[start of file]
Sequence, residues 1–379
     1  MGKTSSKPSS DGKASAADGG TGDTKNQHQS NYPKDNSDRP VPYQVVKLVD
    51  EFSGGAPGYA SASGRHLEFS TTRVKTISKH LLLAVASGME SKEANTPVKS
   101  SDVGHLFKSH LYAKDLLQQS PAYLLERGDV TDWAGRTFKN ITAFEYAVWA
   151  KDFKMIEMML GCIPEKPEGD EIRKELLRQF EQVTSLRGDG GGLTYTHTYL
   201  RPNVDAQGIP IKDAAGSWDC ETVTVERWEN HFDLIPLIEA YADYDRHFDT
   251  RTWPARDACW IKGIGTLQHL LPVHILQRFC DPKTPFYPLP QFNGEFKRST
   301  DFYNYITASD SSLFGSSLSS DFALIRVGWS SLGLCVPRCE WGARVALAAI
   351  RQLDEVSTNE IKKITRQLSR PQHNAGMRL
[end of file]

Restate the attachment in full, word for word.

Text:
Sequence, residues 1–379
     1  MGKTSSKPSS DGKASAADGG TGDTKNQHQS NYPKDNSDRP VPYQVVKLVD
    51  EFSGGAPGYA SASGRHLEFS TTRVKTISKH LLLAVASGME SKEANTPVKS
   101  SDVGHLFKSH LYAKDLLQQS PAYLLERGDV TDWAGRTFKN ITAFEYAVWA
   151  KDFKMIEMML GCIPEKPEGD EIRKELLRQF EQVTSLRGDG GGLTYTHTYL
   201  RPNVDAQGIP IKDAAGSWDC ETVTVERWEN HFDLIPLIEA YADYDRHFDT
   251  RTWPARDACW IKGIGTLQHL LPVHILQRFC DPKTPFYPLP QFNGEFKRST
   301  DFYNYITASD SSLFGSSLSS DFALIRVGWS SLGLCVPRCE WGARVALAAI
   351  RQLDEVSTNE IKKITRQLSR PQHNAGMRL